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Operating System Design: The Xinu Approach, Linksys Version [Englisch] [Gebundene Ausgabe]

Douglas Comer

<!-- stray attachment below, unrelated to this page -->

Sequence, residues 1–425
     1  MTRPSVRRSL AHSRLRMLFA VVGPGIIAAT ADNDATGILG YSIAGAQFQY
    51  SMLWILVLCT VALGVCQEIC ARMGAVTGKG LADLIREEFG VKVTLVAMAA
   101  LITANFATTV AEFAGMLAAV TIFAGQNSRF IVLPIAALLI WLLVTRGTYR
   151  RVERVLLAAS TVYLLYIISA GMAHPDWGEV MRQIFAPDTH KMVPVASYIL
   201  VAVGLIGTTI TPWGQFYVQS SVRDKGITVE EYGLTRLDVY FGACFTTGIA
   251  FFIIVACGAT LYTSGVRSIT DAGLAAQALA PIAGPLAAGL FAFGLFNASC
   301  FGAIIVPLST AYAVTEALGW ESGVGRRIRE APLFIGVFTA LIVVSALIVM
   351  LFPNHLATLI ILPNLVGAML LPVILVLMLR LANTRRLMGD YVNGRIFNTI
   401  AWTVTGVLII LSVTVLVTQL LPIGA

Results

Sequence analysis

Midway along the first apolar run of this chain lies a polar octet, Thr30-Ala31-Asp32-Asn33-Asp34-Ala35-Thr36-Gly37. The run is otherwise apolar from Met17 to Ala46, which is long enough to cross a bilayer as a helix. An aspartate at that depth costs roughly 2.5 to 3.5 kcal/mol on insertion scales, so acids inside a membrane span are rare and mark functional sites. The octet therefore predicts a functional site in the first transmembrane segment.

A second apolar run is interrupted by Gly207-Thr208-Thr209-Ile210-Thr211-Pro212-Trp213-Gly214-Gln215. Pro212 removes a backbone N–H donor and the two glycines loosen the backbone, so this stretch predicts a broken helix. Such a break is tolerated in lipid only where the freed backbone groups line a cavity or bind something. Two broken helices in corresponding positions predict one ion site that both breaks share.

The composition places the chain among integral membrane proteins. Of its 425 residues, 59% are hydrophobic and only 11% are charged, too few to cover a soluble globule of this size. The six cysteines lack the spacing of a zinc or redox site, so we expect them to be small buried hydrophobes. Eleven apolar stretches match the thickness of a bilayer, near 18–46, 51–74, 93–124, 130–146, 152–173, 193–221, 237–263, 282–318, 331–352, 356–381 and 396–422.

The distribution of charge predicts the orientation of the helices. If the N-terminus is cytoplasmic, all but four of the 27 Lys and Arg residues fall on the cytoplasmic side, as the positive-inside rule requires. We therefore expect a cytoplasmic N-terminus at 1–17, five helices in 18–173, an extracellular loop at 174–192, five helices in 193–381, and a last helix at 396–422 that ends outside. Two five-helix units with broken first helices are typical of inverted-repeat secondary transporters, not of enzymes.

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Introduction and Overview Operating Systems Approach Used In The Text A Hierarchical Design The Xinu Operating System What An Operating System Is Not An Operating System Viewed From The Outside Remainder Of The Text Concurrent Execution And Operating System Services Programming Models For Multiple Activities Operating System Services Concurrent Processing Concepts And Terminology Distinction Between Sequential And Concurrent Programs Multiple Processes Sharing A Single Piece Of Code Process Exit And Process Termination Shared Memory, Race Conditions, And Synchronization Semaphores And Mutual Exclusion Type Names Used In Xinu Operating System Debugging With Kputc And Kprintf An Overview Of The Hardware and Run-Time Environment Physical And Logical Organizations Of The E2100L Processor Organization And Registers Bus Operation: The Fetch-Store Paradigm Direct Memory Access The Bus Address Space Contents Of Kernel Segments KSEG0 and KSEG1 Bus Startup Static Configuration Calling Conventions And The Run-Time Stack Interrupts And Interrupt Processing Exception Processing Timer Hardware Serial Communication Polled vs. Interrupt-Driven I/O Memory Cache And KSEG1 Storage Layout Memory Protection List and Queue Manipulation A Unified Structure For Linked Lists Of Processes A Compact List Data Structure Implementation Of The Queue Data Structure Inline Queue Manipulation Functions Basic Functions To Extract A Process From A List FIFO Queue Manipulation Manipulation Of Priority Queues List Initialization Scheduling and Context Switching The Process Table Process States Ready And Current States A Scheduling Policy Implementation Of Scheduling Implementation Of Context Switching State Saved In Memory Context Switch On A MIPS Processor An Address At Which To Restart A Process Concurrent Execution And A Null Process Making A Process Ready And The Scheduling Invariant Deferred Rescheduling Other Process Scheduling Algorithms More Process Management Process Suspension And Resumption Self-Suspension And Information Hiding The Concept Of A System Call Interrupt Control With Disable And Restore A System Call Template System Call Return Values SYSERR And OK Implementation Of Suspend Suspending The Current Process Suspend Return Value Process Termination And Process Exit Process Creation Other Process Manager Functions Coordination Of Concurrent Processes The Need For Synchronization A Conceptual View Of Counting Semaphores Avoidance Of Busy Waiting Semaphore Policy And Process Selection The Waiting State Semaphore Data Structures The Wait System Call The Signal System Call Static And Dynamic Semaphore Allocation Example Implementation Of Dynamic Semaphores Semaphore Deletion Semaphore Reset Coordination Across Parallel Processors (Multicore) Message Passing Two Types Of Message Passing Services Limits On Resources Used By Messages Message Passing Functions And State Transitions Implementation Of Send Implementation Of Receive Implementation Of Non-Blocking Message Reception Basic Memory Management Types Of Memory Definition Of A Heavyweight Process Memory Management In A Small Embedded System Program Segments And Regions Of Memory Dynamic Memory Allocation In An Embedded System Design Of The Low-Level Memory Manager Allocation Strategy And Memory Persistence Keeping Track Of Free Memory Implementation Of Low-Level Memory Management Allocating Heap Storage Allocating Stack Storage Releasing Heap And Stack Storage High-Level Memory Management and Virtual Memory Partitioned Space Allocation Buffer Pools Allocating A Buffer Returning Buffers To The Buffer Pool Creating A Buffer Pool Initializing The Buffer Pool Table Virtual Memory And Memory Multiplexing Real And Virtual Address Spaces Hardware For Demand Paging Address Translation With A Page Table Metadata In A Page Table Entry Demand Paging And Design Questions Page Replacement And Global Clock High-Level Message Passing Inter-Process Communication Ports The Implementation Of Ports Port Table Initialization Port Creation Sending A Message To A Port Receiving A Message From A Port Port Deletion And Reset Interrupt Processing The Advantage Of Interrupts Interrupt Dispatching Vectored Interrupts Assignment Of Interrupt Vector Numbers Interrupt Hardware IRQ Limits And Interrupt Multiplexing Interrupt Software And Dispatching The Lowest Level Of The Interrupt Dispatcher The High-Level Interrupt Dispatcher Disabling Interrupts Constraints On Functions That Interrupt Code Invokes The Need To Reschedule During An Interrupt Rescheduling During An Interrupt Real-Time Clock Management Timed Events Real-Time Clocks And Timer Hardware Handling Real-Time Clock Interrupts Delay And Preemption Emulating A Real-Time Clock With A Timer Implementation Of Preemption Efficient Management Of Delay With A Delta List Delta List Implementation Putting A Process To Sleep Timed Message Reception Awakening Sleeping Processes Clock Interrupt Processing Clock Initialization Interval Timer Management Device-Independent Input and Output Conceptual Organization Of I/O And Device Drivers Interface And Driver Abstractions An Example I/O Interface The Open-Read-Write-Close Paradigm Bindings For I/O Operations And Device Names Device Names In Xinu The Concept Of A Device Switch Table Multiple Copies Of A Device And Shared Drivers The Implementation Of High-Level I/O Operations Other High-Level I/O Functions Open, Close, And Reference Counting Null And Error Entries In Devtab Initialization Of The I/O System An Example Device Driver The Tty Abstraction Organization Of A Tty Device Driver Request Queues And Buffers Synchronization Of Upper Half And Lower Half Hardware Buffers And Driver Design Tty Control Block And Data Declarations Minor Device Numbers Upper-Half Tty Character Input (ttyGetc) Generalized Upper-Half Tty Input (ttyRead) Upper-Half Tty Character Output (ttyPutc) Starting Output (ttyKickOut) Upper-Half Tty Multiple Character Output (ttyWrite) Lower-Half Tty Driver Function (ttyInterrupt) Output Interrupt Processing (ttyInter_out) Tty Input Processing (ttyInter_in) Tty Control Block Initialization (ttyInit) Device Driver Control DMA Devices And Drivers (Ethernet) Direct Memory Access And Buffers Multiple Buffers And Rings An Example Ethernet Driver Using DMA Device Hardware Definitions And Constants Rings And Buffers In Memory Definitions Of An Ethernet Control Block Device And Driver Initialization Allocating An Input Buffer Reading From An Ethernet Device Writing To An Ethernet Device Handling Interrupts From An Ethernet Device Ethernet Control Functions A Minimal Internet Protocol Stack Required Functionality Simultaneous Conversations, Timeouts, And Processes ARP Functions Definition Of A Network Packet The Network Input Process Definition Of The UDP Table UDP Functions Internet Control Message Protocol Dynamic Host Configuration Protocol A Remote Disk Driver The Disk Abstraction Operations A Disk Driver Supports Block Transfer And High-Level I/O Functions A Remote Disk Paradigm Semantics Of Disk Operations Definition Of Driver Data Structures Driver Initialization (rdsInit) The Upper-Half Open Function (rdsOpen) The Remote Communication Function (rdscomm) The Upper-Half Write Function (rdsWrite) The Upper-Half Read Function (rdsRead) Flushing Pending Requests The Upper-Half Control Function (rdsControl) Allocating A Disk Buffer (rdsbufalloc) The Upper-Half Close Function (rdsClose) The Lower-Half Communication Process (rdsprocess) File Systems What Is A File System? An Example Set Of File Operations Design Of A Local File System Data Structures For The Xinu File System Implementation Of The Index Manager Clearing An Index Block (lfibclear) Retrieving An Index Block (lfibget) Storing An Index Block (lfibput) Allocating An Index Block From The Free List (lfiballoc) Allocating A Data Block From The Free List (lfdballoc) Using The Device-Independent I/O Functions For Files File System Device Configuration And Function Names The Local File System Open Function (lfsOpen) Closing A File Pseudo-Device (lflClose) Flushing Data To Disk (lfflush) Bulk Transfer Functions For A File (lflWrite, lflRead) Seeking To A New Position In the File (lflSeek) Extracting One Byte From A File (lflGetc) Changing One Byte In A File (lflPutc) Loading An Index Block And A Data Block (lfsetup) Master File System Device Initialization (lfsInit) Pseudo-Device Initialization (lflInit) File Truncation (lftruncate) Initial File System Creation (lfscreate) A Remote File Mechanism Remote File Access Remote File Semantics Remote File Design And Messages Remote File Server Communication Sending A Basic Message Network Byte Order A Remote File System Using A Device Paradigm Opening A Remote File Checking The File Mode Closing A Remote File Reading From A Remote File Writing To A Remote File Seek On A Remote File Character I/O On A Remote File Remote File System Control Functions Initializing The Remote File Data Structure A Syntactic Namespace Transparency And A Namespace Abstraction Myriad Naming Schemes Naming System Design Alternatives A Syntactic Namespace Patterns And Replacements Prefix Patterns Implementation Of A Namespace Namespace Data Structures And Constants Adding Mappings To The Namespace Prefix Table Mapping Names With The Prefix Table Opening A Named File Namespace Initialization Ordering Entries In The Prefix Table Choosing A Logical Namespace A Default Hierarchy And The Null Prefix Additional Object Manipulation Functions Advantages And Limits Of The Namespace Approach Generalized Patterns System Initialization Bootstrap: Starting From Scratch Operating System Initialization Booting An Alternative Image On The E2100L Xinu Initialization System Startup Transforming A Program Into A Process Exception Handling Exceptions, Traps, And Illegal Interrupts Implementation Of Panic System Configuration The Need For Multiple Configurations Configuration In Xinu Contents Of The Xinu Configuration File Computation Of Minor Device Numbers Steps In Configuring A Xinu System An Example User Interface: The Xinu Shell What Is A User Interface? Commands And Design Principles Design Decisions For A Simplified Shell Shell Organization And Operation The Definition Of Lexical Tokens The Definition Of Command-Line Syntax Implementation Of The Xinu Shell Storage Of Tokens Code For The Lexical Analyzer The Heart Of The Command Interpreter Command Name Lookup And Builtin Processing Arguments Passed To Commands Passing Arguments To A Non-Builtin Command I/O Redirection An Example Command Function (sleep) Appendix: Porting An Operating System Motivation: Evolving Hardware Steps Taken When Porting An Operating System Programming To Accommodate Change Appendix: Xinu Design Notes Overview Xinu Design Notes Xinu Implementation Major Concepts And Implementation Index